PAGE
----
Lord of the Flies: 50th Anniversary Edition
By William Golding
Berkley Publishing Group; $22.95, cloth
I first read Lord of the Flies by William Golding in ninth grade. I remember being horrified because I could recognize the decline of civilized human behavior in the novel, to a lesser degree, in the high school I attended. The personalities were clear: jock, nerd, leader corresponding to Jack, Piggy, and Ralph. And although we never killed anyone, the athlete-hunters picked on the thinker-nerds. Leader-politicians had already established themselves and learned to play the game, keeping their student constituencies happy while staying on the good side of the administration.
I was riveted by the book then, and as I prepare to teach it to my classes now, I am amazed at how William Golding captures the microcosm of a society gone horribly wrong, the classic dystopian world of the island in the ocean where marooned British schoolboys degenerate into animals only to be saved at the last minute by the Royal Navy. I find the book even more relevant today, with the rash of school shootings in the last two decades. The school society is every bit as dangerous as that deserted island world upon which the boys find themselves.
Many critics see Lord of the Flies as a retelling of the Eden story in Genesis, how nature and beauty and childhood can all be corrupted by the darkness within mankind. This is indeed a dark and evil story, and the ending spells out clearly which way Golding thinks mankind is headed. Evil will, as evidenced by the novel, triumph over the intellect and the good, unless some force intercedes. In the novel, that force is much too late to save our protagonists, Ralph and Piggy. Ralph barely escapes with his life, and Piggy meets the most poetic fate for the intellectual: his brains are bashed out on a rock and his body is given up to the sea. Adam and Eve do not literally die in Genesis, but they realize through the Tree of Knowledge that evil exists in the world, that there is pain and suffering, and that they will one day cease to exist. These are the realizations of Ralph as he and the remaining survivors are rescued.
Golding is a bit light on some details. It seems the boys were being evacuated in a time of war. How they managed to be on the island, safe and sound and uninjured, is a bit of a mystery. The plane jettisoned the passenger compartment, and they crashed on the island leaving a visible scar in the jungle terrain. Several boys believe the plane crashed after they were hurled to the island. There is no wreckage to speak of, no resources to draw from for the boys. They must build their shelters and find food. The latter comes immediately from the island’s abundance of fruit trees, although the fruit is rather generically described. Its effect on the boys is clear: they suffer from diarrhea and must evacuate their bowels in an around their camp. Later, they turn to slaughtering wild pigs for meat.
The symbol of an organized society is embodied in the conch, a large sea shell that the leaders blow into when they want to summon the others for a meeting. The one who holds the shell is allowed to speak. The others must listen. It is this shell that shatters along with Piggy at the end, symbolizing the destruction of the rules of organized society.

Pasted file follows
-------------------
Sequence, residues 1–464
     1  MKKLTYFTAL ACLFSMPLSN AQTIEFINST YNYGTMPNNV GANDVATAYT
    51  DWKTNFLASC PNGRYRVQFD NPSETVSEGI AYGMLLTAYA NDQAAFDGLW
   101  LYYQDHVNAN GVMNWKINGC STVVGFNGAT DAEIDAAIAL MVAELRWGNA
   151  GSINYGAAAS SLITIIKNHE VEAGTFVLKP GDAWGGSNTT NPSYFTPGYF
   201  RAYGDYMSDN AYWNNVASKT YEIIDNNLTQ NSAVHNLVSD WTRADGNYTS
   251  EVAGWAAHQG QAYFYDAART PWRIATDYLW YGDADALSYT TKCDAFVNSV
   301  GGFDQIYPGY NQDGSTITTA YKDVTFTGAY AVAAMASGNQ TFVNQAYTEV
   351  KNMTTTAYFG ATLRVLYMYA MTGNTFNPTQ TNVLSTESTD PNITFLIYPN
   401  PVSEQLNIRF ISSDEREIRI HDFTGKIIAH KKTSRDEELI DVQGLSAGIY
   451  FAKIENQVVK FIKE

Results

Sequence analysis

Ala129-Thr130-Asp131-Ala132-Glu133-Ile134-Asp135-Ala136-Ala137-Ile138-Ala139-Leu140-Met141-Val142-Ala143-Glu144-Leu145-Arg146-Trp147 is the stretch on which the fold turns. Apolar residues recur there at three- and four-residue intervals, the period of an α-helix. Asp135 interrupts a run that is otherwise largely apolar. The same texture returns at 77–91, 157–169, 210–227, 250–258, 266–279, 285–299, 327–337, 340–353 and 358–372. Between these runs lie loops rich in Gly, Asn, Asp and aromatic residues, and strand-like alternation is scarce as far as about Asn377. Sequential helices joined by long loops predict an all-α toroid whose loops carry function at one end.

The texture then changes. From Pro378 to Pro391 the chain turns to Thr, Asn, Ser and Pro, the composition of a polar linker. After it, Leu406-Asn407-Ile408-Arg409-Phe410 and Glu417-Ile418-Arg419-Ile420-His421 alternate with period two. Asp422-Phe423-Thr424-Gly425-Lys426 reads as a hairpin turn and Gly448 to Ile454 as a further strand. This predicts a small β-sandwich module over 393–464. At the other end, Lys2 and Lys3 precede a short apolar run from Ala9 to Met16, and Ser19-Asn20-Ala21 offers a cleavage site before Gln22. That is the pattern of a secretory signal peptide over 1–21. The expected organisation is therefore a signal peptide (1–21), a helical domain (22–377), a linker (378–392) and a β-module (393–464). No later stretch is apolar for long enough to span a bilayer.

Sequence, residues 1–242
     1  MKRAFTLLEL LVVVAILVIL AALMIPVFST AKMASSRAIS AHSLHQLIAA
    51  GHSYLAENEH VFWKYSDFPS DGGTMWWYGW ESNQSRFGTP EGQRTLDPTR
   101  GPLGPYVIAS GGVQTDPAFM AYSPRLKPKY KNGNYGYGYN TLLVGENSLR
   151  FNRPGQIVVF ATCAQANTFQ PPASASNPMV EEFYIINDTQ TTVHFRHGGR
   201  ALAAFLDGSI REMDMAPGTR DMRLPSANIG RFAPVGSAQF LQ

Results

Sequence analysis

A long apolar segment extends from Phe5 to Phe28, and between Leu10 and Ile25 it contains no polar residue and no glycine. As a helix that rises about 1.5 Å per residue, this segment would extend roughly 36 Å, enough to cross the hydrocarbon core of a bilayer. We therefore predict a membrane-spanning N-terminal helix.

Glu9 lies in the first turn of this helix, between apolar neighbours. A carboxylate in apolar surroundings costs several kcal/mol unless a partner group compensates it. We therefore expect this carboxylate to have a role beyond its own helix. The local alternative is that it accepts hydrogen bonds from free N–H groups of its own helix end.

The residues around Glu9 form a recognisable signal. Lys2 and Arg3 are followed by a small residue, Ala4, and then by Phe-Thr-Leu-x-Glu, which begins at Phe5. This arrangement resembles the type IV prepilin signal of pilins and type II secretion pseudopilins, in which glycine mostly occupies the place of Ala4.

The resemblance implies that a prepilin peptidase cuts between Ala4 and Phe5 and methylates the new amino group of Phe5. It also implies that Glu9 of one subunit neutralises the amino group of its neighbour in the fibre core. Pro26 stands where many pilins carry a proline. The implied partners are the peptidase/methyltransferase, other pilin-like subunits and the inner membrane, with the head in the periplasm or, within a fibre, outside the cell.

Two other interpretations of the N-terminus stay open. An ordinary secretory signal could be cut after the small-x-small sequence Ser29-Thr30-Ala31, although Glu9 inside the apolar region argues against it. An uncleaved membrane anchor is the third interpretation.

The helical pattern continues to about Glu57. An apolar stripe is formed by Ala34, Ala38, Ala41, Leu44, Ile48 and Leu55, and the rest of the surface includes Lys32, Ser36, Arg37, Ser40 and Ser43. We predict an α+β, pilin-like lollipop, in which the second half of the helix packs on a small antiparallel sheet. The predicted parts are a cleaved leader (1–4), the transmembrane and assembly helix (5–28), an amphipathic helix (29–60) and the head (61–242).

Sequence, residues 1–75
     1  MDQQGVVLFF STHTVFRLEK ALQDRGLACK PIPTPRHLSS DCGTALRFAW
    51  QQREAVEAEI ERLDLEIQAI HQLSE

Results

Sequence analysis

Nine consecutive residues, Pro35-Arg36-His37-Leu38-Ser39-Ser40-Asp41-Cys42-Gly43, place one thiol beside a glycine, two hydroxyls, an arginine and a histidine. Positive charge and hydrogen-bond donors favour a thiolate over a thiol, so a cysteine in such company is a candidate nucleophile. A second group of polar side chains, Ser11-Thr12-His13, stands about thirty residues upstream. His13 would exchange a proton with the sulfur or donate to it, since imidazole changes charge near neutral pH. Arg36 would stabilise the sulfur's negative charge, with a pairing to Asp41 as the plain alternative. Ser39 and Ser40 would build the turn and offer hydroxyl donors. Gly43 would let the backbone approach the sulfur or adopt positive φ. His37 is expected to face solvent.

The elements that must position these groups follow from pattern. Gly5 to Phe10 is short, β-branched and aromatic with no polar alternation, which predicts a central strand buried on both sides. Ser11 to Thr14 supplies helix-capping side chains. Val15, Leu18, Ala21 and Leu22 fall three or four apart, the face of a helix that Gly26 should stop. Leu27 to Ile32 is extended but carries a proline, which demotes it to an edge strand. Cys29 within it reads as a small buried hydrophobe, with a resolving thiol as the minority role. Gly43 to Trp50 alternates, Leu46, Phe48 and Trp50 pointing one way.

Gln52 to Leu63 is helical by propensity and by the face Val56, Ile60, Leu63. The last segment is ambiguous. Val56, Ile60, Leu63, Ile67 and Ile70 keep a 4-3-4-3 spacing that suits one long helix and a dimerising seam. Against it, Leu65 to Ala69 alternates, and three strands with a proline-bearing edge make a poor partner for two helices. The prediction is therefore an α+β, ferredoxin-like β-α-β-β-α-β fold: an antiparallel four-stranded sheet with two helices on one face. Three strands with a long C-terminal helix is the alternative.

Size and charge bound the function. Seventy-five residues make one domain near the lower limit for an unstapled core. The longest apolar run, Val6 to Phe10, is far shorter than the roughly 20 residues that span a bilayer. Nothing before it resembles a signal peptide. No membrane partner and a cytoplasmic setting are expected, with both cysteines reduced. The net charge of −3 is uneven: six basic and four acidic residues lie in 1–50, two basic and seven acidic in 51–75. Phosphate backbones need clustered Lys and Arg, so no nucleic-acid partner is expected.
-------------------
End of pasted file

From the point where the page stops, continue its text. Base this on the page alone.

Along the way, innocence, as demonstrated by Simon and others, is killed off. Simon discovers a dead parachutist on the mountain that the others mistake for a beast. When he stumbles back to camp with that knowledge, he happens upon a frenzy of orgiastic behavior, with the hunters led by Jack chanting: “Kill the beast! Cut his throat! Spill his blood! Do him in!” The animal-boys mistakenly seize the intruder—Simon—and in an orgy of violence, kill him, spilling his blood on the sand.
I find the novel similar to Joseph Conrad’s Heart of Darkness. The theme of human society corrupted by evil and turning to violence and incoherent destruction is readily apparent in both books. The twentieth century is rife with novels of Man’s inhumanity to Man, as is the history of that period. Genocides, wars, weapons of mass destruction, all make our recent history steeped in blood and violence. Of course, human history in total is botched with blood and war, but what these novels do is portray civilization as the root of violence and evil. Man claims to be more like God, made in His image and likeness, yet that same Man has an overwhelming capacity to destroy himself, his fellow man, and the world around him. Animals kill for food, to protect their young, to secure their territory. Man kills for sport, for enjoyment, as an expression of power; few animals share such bloodlust.
The fiftieth anniversary edition of the book contains essays by E.M. Forster from the 1962 edition, as well as a variety of critics weighing in on the power of Golding’s work. According to the notes, the novel was ignored when it was published, but became more recognized as the years went on, building to Golding’s Nobel Prize for Literature in 1983.
Although the dialogue is a bit stilted, and the culture is decidedly English, the novel resonates. We live in a violent, inhumane world filled with jealousy, corruption, desire for power and control, and bloodshed. We are all, in a way, civilized school children marooned on this island earth and our future is in doubt. The Lord of the Flies—Beelzebub, Lucifer, Satan, the true embodiment of evil—lurks in the darkness of the human heart. Writers such as William Golding believe our end is inevitable, our destiny is clear, and nothing can save us from our own destructive and terrible impulses.